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China IV: hunting elephants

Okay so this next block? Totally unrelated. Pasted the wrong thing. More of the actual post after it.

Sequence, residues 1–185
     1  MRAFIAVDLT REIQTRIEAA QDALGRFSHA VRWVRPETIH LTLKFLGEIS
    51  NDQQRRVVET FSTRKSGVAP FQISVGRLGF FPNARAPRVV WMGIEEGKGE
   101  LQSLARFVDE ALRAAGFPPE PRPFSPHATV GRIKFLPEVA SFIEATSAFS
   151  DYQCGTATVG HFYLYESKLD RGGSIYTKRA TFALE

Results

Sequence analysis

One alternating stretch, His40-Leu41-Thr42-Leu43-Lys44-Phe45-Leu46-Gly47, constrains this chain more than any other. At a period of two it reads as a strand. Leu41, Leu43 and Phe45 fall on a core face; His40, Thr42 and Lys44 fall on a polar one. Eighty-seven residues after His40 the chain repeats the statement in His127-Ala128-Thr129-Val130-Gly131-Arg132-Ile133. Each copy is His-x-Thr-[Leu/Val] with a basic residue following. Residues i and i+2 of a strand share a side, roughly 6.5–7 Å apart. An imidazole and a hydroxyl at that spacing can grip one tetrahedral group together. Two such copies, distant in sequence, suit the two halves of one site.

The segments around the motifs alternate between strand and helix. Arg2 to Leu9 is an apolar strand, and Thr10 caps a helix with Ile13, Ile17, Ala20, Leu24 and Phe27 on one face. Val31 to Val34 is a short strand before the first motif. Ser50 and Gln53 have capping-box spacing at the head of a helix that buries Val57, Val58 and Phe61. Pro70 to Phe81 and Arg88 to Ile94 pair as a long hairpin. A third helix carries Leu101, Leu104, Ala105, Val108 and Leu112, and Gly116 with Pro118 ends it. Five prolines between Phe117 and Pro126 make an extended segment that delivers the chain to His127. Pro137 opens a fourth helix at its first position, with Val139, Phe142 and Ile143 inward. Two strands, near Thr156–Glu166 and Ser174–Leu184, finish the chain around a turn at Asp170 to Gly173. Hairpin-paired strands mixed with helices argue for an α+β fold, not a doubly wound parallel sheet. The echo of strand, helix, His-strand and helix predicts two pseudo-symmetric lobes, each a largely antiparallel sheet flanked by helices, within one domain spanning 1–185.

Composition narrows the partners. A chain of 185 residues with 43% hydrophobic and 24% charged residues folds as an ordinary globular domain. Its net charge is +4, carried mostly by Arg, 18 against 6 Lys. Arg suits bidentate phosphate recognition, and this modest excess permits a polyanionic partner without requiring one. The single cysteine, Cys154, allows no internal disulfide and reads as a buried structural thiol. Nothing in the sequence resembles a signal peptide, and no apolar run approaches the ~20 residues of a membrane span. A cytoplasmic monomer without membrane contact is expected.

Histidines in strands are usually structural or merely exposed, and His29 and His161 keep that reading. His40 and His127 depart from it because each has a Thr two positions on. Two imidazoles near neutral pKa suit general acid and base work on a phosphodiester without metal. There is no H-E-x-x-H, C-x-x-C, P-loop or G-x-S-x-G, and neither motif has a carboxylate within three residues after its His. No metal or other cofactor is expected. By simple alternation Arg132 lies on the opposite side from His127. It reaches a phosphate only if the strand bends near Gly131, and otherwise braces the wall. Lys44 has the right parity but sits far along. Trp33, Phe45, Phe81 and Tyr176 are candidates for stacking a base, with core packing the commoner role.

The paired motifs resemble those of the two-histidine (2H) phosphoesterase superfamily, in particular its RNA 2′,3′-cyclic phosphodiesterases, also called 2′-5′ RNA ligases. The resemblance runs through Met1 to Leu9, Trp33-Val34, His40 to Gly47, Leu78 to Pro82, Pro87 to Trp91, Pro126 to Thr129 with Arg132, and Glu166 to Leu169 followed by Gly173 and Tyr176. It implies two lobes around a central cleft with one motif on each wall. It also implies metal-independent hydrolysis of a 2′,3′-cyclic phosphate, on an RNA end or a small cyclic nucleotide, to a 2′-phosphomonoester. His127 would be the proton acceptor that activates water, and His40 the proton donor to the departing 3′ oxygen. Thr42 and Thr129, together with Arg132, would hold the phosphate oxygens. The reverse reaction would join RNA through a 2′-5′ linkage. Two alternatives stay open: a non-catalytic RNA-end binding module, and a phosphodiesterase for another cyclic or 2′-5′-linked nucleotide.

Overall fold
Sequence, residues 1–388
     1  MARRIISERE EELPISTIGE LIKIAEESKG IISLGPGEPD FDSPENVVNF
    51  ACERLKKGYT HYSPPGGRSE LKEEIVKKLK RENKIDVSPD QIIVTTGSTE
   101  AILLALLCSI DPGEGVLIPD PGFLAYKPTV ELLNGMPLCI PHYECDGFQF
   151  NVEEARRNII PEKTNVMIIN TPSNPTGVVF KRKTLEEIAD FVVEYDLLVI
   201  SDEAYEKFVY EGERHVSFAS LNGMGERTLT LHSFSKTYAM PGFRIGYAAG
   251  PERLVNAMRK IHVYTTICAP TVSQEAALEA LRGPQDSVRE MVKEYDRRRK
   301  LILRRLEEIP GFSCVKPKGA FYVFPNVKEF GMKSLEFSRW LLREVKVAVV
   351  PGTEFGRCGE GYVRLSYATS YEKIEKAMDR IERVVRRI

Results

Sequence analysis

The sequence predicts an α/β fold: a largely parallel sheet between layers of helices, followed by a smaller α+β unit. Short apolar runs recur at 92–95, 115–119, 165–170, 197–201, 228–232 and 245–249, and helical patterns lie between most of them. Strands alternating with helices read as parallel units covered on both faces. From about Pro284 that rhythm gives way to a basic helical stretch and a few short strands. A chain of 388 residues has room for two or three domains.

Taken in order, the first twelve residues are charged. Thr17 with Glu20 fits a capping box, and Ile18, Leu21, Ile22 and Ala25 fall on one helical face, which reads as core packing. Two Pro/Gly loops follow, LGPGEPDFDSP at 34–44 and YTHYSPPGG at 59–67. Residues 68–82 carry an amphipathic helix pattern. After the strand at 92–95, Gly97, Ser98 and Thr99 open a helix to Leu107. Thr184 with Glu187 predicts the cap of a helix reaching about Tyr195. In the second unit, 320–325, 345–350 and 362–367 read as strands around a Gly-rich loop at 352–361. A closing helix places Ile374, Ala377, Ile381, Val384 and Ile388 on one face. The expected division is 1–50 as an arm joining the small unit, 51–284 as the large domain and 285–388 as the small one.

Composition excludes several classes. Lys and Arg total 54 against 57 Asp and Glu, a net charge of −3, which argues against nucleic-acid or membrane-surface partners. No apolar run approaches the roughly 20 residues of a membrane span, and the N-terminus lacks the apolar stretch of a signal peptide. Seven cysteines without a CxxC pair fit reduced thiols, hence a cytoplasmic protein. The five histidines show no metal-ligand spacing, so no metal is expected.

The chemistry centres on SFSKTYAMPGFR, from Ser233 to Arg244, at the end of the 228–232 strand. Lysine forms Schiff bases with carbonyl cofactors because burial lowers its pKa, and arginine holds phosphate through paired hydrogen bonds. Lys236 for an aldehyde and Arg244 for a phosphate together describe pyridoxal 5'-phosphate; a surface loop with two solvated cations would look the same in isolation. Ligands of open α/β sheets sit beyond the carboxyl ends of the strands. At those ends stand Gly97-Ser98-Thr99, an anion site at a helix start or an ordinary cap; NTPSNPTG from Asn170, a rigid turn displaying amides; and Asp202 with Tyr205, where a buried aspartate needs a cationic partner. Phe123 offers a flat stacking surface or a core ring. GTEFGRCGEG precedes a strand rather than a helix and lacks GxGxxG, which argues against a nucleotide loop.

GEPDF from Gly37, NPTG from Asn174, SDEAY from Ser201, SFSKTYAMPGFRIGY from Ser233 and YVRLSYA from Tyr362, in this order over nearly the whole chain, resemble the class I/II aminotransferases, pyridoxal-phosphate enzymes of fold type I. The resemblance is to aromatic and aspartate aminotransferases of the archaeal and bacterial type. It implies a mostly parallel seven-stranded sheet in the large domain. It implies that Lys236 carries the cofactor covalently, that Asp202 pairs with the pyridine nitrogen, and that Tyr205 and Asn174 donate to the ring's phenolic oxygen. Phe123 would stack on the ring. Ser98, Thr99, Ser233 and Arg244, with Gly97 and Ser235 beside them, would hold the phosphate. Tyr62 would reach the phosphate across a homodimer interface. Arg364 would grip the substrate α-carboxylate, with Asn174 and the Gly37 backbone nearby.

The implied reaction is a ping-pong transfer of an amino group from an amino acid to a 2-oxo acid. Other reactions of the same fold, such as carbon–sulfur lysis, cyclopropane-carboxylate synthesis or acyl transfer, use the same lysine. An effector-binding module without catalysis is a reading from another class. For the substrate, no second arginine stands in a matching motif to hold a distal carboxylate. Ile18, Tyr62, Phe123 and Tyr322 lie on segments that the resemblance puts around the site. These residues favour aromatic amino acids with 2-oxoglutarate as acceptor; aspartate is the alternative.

This morning the city’s hotels and restaurants sprouted blow-up red and rainbow arches, each to frame the entrance of a wedding couple. Motorcades of various length and grandeur snake the city, some with girls in flouncy creations of bronze, red or torquise standing open from the roof of the car, like Onassis or Peron, for the benefit of the wedding video man. But the latest thing is blow-up elephants: giant beasts in red and gold, paired next to every air-filled plastic archway, shining where the spring sunlight shafts downwards between tall buildings. I know the drill: groom goes to bride’s house, bride is picked up from house with a series of ‘rituals’ performed in the spirit of a wild game, bride and groom tour a series of pre-set photo-ops, bride and groom host banquet with speeches and MC. Not a moment of solemnity or vowing will take place: this is family bonding, with all the fierce sociability and passionate sentimentality China can muster. I go out elephant-hunting with my camera, and remember some of the photo-ops: the palonquin with traditional band by the riverfront, in which bride sits on grooms lap and is bounced up and down ferociously while everyone cheers larily; the flock of doves kept atop the mountain in the city’s main park for the sole purpose of being run through by delirious bride and groom, so as to create album pictures of happy couple scattering white birds as they spontaneously chase each other through some luxurious parkland. But the elephants have gone: deflated as rapidly as they went up,  herded by a man-and-a-lorry to their next appointment on this reasonably beneficient sunday to get married on. In the streets around me, a thousand firecrackers let fly, and another couple start a new life together.

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